[QUESTION: Which population figures are you using to calculate rates of death in war?]
The denominator here is the world population, not the population size of countries involved in each war. There are arguments for doing it either way. The problem is that you can make the numbers go all over the place depending on the choice of the denominator, whether you choose the country that initiated the war, the collateral damage in other countries, the neighboring countries, and so on. So in all cases I've plotted deaths as a proportion of world population.
The extraordinary 65-year stretch since the end of the Second World War has been called the "Long Peace", and has perhaps the most striking statistics of all, zero. There were zero wars between the United States and the Soviet Union (the two superpowers of the era), contrary to every expert prediction. No nuclear weapon has been used in war since Nagasaki, again, confounding everyone's expectations. There have been no wars between any subset of the great powers since the end of the Korean War in 1953. There have been zero wars between Western European countries. The extraordinary thing about this fact is how un-extraordinary it sounds. If I say I'm going to predict that in my lifetime France and Germany will not go to war, everyone will say, "Yeah, yeah; of course they won't go to war." But that is an extraordinary statement when you consider that before 1945, Western European countries initiated two new wars per year for more than 600 years. That number has now stood at zero for 65 years.
And there have been zero wars between developed countries at all. We take it for granted nowadays that war is something that happens only in poor, primitive countries. That, too, is an extraordinary development; war used to be something that rich countries did, too. Europe, which traditionally has been the part of the world with the biggest military might, is no longer picking on countries in other parts of the world, or hurling artillery shells at one other with the rest of the world suffering collateral damage. This change has been extraordinary.
Now, what about the rest of the world? What has happened in the other continents while Europe has been racking up its peaceful zeros?
First let’s look at the number of wars. These graphs start at 1946 and they span the entire globe. I'll divide it into the different categories of war.
One kind of war has vanished off the face of the earth. The colonial war (red), which used to be quite destructive, no longer exists, because the European powers have given up their colonies. (This is, by the way, a stacked layer graph, so the relevant visual variable is the thickness of the layers.)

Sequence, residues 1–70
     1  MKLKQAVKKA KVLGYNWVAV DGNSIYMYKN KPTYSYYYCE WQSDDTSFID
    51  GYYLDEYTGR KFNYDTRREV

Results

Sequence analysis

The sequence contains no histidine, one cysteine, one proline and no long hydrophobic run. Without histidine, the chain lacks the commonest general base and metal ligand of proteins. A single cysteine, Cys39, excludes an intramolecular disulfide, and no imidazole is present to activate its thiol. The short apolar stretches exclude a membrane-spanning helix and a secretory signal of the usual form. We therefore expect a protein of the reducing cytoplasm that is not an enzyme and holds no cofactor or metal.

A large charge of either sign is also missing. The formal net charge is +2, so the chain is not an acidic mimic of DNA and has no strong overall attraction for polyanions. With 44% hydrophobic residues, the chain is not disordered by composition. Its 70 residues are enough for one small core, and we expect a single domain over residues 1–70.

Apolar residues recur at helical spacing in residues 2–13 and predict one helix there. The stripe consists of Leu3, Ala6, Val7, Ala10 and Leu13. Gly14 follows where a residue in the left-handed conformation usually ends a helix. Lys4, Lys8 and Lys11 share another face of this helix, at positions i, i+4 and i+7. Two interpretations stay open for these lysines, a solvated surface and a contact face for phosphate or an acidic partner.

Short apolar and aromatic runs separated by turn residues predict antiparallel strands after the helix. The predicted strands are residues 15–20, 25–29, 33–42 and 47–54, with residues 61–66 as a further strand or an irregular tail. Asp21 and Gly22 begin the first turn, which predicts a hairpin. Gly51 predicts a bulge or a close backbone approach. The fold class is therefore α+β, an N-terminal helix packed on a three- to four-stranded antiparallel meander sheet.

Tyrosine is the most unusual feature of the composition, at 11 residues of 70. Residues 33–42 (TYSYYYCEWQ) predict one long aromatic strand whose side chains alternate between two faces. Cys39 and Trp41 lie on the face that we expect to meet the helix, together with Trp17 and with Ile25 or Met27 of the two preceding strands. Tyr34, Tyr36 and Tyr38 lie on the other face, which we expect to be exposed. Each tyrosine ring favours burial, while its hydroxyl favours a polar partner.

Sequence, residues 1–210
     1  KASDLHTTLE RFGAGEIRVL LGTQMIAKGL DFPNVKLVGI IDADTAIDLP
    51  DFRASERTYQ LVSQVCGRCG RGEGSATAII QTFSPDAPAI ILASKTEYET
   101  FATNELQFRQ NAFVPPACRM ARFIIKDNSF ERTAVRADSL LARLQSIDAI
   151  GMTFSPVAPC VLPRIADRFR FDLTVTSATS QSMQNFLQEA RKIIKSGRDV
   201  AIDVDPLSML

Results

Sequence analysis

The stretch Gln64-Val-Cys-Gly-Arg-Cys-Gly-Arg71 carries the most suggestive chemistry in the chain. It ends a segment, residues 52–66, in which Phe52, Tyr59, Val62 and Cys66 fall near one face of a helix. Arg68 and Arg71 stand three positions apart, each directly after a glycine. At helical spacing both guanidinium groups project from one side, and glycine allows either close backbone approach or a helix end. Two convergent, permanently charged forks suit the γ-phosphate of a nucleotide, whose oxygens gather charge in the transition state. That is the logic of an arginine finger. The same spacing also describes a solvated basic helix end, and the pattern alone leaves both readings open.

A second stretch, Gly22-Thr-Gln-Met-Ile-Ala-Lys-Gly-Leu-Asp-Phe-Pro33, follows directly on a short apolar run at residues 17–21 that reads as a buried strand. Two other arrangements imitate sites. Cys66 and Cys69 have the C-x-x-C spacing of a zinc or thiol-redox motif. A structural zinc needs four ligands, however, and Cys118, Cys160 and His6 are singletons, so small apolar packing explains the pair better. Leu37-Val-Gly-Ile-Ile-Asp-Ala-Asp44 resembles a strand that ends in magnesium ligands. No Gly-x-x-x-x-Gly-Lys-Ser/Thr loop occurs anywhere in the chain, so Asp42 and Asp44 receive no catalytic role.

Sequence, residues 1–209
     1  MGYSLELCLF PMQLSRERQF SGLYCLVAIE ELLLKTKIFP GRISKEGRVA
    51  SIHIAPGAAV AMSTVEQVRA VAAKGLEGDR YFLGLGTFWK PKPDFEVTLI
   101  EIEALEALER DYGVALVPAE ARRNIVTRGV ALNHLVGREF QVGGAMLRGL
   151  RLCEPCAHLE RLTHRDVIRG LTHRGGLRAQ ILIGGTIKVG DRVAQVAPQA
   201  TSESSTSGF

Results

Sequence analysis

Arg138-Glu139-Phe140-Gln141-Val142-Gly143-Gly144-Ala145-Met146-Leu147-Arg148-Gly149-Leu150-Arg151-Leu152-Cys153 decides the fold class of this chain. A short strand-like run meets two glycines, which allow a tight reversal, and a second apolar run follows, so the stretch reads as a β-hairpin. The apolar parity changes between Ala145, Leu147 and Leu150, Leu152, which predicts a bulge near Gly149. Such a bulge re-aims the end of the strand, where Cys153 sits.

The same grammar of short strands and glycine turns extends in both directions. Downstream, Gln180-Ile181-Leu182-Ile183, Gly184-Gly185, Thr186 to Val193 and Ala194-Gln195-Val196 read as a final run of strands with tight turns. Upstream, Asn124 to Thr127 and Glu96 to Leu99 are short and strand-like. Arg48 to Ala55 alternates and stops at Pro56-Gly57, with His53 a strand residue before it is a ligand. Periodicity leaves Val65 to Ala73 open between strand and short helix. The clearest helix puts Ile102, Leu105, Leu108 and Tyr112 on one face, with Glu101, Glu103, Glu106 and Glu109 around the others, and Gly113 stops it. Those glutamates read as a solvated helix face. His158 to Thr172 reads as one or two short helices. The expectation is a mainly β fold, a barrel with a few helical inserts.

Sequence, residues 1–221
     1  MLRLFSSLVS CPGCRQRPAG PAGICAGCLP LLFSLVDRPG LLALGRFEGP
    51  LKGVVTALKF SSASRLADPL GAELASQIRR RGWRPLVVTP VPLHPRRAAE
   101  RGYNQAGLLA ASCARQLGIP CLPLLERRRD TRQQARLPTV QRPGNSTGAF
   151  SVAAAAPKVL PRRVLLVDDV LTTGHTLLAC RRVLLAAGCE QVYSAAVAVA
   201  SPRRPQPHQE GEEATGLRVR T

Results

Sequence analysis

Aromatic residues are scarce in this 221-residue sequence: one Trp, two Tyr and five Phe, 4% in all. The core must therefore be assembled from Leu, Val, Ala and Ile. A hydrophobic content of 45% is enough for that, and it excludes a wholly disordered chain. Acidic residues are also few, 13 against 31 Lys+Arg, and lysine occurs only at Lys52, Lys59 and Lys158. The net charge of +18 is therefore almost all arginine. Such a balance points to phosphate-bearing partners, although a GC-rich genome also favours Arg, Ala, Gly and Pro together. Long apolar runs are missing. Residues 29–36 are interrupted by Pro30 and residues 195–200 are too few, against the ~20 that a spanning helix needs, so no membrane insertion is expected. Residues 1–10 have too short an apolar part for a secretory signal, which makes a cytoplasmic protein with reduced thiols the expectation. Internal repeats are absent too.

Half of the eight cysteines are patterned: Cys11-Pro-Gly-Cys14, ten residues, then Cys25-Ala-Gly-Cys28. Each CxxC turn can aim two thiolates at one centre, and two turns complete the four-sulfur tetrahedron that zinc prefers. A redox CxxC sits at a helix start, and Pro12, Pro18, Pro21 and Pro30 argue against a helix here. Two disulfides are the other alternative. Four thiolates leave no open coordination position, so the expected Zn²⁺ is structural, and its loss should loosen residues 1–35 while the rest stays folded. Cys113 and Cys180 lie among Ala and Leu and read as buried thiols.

Here (blue) we see the fate of interstate wars, wars between two sovereign states. These have also been dwindling since the end of the Second World War. However, the number of civil wars—both pure civil wars within a country (green) and internationalized civil wars (orange), where some foreign country butts in, usually on the side of the government defending itself against an insurgency—increased until about 1990, and then has shown somewhat of a decrease as well.
So since 1946 there have been fewer wars between states, but there been more civil wars, mainly because newly independent states with inept governments were challenged by insurgent movements, and both sides were armed by the Cold War powers. But even civil wars declined after 1991 with the end of the Cold War and the stoking of these proxy wars by the superpowers.
The crucial question now is: what kills more people, the fewer number of wars between countries, or the greater number of wars within countries? This graph shows the deadliness of interstate wars since the 1950s, that is, how many people are killed in a particular year of war. As you can see, the numbers has plummeted (I've already talked about that fact).
The tall blue bars represent deaths in interstate war, and as you can see they have plummeted over the decades. Much shorter are the internationalized civil wars (orange) and the civil wars (green). The fact that we have more civil wars and fewer interstate wars means that the total number of people has gone down, because the interstate wars of the past killed far more people than the civil wars of the present.
Now let's put the numbers back together, and instead of looking at the number of wars, look at number of deaths, again scaled by world population. This stacked-layer graph shows the number of people killed in wars since 1946. Here are the colonial wars (red). Here we see the number of people killed in interstate wars (blue), with spikes corresponding to the eras of the Korean War, the Vietnam War, and the Iran/Iraq War. These are the numbers of people killed in civil wars (green) and internationalized civil wars (orange).